The Black Monk

Symbolism of Colors in Chekhov's "The Black Monk" 12th Grade

Written in 1893, Anton Chekhov's short story "The Black Monk" is one of the most potent and revealing works of the writer. It reflects the profound philosophy of the author, as well as the feelings of worry and anxiety which, according to the memoirs of him contemporaries, pursued Anton Chekhov at that time.

The author himself described his work as follows: "This is a medical story, historical morbi" (Carter). Indeed, Chekhov draws attention to what kind of disease his hero Kovrin is suffering; this disease is megalomania, a disease many Russian people of the nineteenth century had suffered from. Apparently, the main theme of the story is to show how a person's life could be broken by this sizzling passion and all the artistic means used are strengthening the understanding of the topic. Chekhov is one of the greatest masters of the written word, and of sensory details in Russian literature. But in this work he showed himself as a great master of painting, for color, for every mention of color in this story is loaded with meaning.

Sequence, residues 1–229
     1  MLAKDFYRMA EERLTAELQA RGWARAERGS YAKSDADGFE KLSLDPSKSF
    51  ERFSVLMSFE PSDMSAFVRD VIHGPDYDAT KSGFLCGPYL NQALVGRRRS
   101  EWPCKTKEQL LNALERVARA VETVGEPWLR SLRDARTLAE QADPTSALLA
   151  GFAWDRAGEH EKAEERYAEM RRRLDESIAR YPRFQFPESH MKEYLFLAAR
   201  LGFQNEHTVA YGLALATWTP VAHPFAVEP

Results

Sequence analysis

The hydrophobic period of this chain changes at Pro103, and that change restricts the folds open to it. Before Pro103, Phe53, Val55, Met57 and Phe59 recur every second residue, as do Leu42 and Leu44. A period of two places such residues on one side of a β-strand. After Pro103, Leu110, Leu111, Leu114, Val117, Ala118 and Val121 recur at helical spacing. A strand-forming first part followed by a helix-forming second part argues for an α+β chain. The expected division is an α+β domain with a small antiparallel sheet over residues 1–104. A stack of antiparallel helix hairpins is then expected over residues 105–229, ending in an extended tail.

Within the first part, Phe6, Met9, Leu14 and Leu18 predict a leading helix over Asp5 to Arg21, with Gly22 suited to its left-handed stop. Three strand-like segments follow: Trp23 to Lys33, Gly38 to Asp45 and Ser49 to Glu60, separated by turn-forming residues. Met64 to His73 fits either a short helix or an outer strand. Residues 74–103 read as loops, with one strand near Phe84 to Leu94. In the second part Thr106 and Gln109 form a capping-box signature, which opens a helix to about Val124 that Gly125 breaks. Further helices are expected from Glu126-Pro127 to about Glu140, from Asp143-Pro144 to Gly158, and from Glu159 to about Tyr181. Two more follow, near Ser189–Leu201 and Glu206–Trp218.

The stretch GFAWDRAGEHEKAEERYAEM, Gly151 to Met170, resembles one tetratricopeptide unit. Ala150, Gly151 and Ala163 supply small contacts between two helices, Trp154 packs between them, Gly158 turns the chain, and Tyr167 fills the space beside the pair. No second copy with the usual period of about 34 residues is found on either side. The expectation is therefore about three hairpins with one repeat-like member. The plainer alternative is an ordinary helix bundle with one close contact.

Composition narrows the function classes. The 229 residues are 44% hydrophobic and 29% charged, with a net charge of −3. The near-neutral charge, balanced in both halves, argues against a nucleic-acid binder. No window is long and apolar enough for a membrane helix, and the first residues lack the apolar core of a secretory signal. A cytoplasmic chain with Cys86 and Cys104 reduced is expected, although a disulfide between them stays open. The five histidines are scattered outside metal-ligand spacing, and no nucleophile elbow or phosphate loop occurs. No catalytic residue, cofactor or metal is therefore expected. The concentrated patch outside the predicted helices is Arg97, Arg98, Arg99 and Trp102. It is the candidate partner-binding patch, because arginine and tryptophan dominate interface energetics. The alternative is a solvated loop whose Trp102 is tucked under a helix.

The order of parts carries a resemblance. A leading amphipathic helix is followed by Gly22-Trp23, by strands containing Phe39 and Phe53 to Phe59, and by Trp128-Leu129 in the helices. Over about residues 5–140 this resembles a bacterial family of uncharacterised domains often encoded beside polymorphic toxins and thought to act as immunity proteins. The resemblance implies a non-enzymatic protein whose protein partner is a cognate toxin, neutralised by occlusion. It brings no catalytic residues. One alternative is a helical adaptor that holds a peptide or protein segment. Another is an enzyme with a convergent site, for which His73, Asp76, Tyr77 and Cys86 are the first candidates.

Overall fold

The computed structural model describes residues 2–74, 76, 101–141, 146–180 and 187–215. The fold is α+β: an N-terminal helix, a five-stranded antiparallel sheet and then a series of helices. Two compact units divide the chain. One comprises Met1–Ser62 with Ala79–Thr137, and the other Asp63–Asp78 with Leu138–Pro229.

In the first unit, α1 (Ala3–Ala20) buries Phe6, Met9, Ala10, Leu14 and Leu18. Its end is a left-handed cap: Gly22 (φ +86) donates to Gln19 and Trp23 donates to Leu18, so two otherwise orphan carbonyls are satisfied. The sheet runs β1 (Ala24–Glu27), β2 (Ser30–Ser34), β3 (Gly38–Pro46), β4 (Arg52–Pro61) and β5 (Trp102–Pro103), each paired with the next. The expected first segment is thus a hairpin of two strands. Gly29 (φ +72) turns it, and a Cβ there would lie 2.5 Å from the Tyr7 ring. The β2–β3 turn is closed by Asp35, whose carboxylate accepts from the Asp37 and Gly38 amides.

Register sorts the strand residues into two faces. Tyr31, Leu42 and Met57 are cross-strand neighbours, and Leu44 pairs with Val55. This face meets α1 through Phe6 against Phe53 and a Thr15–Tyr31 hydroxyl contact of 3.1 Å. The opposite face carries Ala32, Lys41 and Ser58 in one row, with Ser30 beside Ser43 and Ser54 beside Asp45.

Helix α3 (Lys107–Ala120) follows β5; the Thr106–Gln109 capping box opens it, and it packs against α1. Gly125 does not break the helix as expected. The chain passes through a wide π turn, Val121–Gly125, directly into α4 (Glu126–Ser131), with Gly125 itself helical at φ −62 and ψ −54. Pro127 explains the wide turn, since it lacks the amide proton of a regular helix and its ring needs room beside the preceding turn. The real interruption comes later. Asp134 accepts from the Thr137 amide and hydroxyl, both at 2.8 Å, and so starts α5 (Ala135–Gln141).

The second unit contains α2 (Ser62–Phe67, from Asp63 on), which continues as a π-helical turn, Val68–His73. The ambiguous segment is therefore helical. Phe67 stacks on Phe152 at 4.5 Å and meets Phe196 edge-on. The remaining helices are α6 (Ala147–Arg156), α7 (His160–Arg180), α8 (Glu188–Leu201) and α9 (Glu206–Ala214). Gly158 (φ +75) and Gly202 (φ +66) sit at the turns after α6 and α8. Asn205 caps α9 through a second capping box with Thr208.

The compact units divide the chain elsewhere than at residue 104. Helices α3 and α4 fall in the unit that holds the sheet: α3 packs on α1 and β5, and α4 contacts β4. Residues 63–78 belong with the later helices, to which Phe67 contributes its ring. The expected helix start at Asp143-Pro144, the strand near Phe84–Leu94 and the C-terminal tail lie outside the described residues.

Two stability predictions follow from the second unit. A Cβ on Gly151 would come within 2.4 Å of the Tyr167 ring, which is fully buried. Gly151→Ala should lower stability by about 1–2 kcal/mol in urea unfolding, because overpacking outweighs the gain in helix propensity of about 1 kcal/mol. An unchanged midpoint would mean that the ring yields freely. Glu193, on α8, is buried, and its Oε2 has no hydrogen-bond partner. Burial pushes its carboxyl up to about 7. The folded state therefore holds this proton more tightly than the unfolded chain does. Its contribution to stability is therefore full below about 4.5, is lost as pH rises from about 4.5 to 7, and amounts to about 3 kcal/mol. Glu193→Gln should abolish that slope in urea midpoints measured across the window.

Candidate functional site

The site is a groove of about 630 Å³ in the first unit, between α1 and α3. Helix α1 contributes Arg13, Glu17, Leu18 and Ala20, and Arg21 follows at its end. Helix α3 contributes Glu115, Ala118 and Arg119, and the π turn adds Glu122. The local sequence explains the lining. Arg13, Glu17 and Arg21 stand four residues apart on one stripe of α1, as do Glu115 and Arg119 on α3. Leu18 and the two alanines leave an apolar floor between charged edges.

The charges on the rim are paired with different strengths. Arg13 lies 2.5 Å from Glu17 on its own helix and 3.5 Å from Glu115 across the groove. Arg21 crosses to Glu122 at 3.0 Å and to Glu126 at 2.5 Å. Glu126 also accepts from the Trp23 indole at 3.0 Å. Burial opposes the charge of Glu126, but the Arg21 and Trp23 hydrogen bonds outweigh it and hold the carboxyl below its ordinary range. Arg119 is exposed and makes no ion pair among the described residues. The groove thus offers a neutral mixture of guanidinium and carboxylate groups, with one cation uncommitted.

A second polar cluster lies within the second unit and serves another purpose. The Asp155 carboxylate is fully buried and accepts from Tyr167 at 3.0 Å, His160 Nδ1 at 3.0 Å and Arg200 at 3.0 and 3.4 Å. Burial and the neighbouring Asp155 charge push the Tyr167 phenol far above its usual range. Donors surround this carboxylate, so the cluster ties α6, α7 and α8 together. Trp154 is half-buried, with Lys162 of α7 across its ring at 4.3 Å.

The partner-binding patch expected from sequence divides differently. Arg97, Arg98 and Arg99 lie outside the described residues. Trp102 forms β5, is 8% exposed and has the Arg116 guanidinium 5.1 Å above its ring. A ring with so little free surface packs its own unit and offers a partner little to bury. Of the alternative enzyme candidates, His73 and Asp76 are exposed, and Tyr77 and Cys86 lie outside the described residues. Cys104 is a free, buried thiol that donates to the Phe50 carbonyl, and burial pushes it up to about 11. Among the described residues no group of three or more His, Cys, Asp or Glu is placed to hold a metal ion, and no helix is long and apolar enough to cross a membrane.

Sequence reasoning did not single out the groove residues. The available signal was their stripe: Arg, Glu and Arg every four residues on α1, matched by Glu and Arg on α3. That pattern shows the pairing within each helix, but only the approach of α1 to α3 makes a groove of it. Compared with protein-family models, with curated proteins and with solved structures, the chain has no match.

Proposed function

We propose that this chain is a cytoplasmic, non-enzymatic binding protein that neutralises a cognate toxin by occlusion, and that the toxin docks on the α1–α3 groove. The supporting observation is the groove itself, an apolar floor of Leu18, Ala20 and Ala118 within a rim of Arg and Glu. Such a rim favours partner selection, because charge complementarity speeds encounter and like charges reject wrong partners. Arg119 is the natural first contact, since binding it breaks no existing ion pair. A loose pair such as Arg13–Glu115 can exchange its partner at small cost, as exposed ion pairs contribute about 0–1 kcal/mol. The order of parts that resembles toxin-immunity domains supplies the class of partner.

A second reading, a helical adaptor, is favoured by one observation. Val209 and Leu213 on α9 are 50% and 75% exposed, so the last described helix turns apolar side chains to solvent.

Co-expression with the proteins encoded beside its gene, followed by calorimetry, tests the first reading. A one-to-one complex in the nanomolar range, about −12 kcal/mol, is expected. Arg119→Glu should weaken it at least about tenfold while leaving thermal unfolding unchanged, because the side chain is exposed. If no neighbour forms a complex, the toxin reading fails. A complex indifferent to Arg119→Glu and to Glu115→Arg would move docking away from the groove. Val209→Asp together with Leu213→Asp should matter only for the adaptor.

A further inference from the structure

The action of the narrative is connected with a garden, which itself should speak of the variety of colors. At the beginning of the story we really read: “such a wealth of flowers, in fact, Kovrin had...

Join Now to View Premium Content

GradeSaver provides access to 934 study guide PDFs and quizzes, 7504 literature essays, 2119 sample college application essays, 310 lesson plans, and ad-free surfing in this premium content, “Members Only” section of the site! Membership includes a 10% discount on all editing orders.

Join Now

Already a member? Log in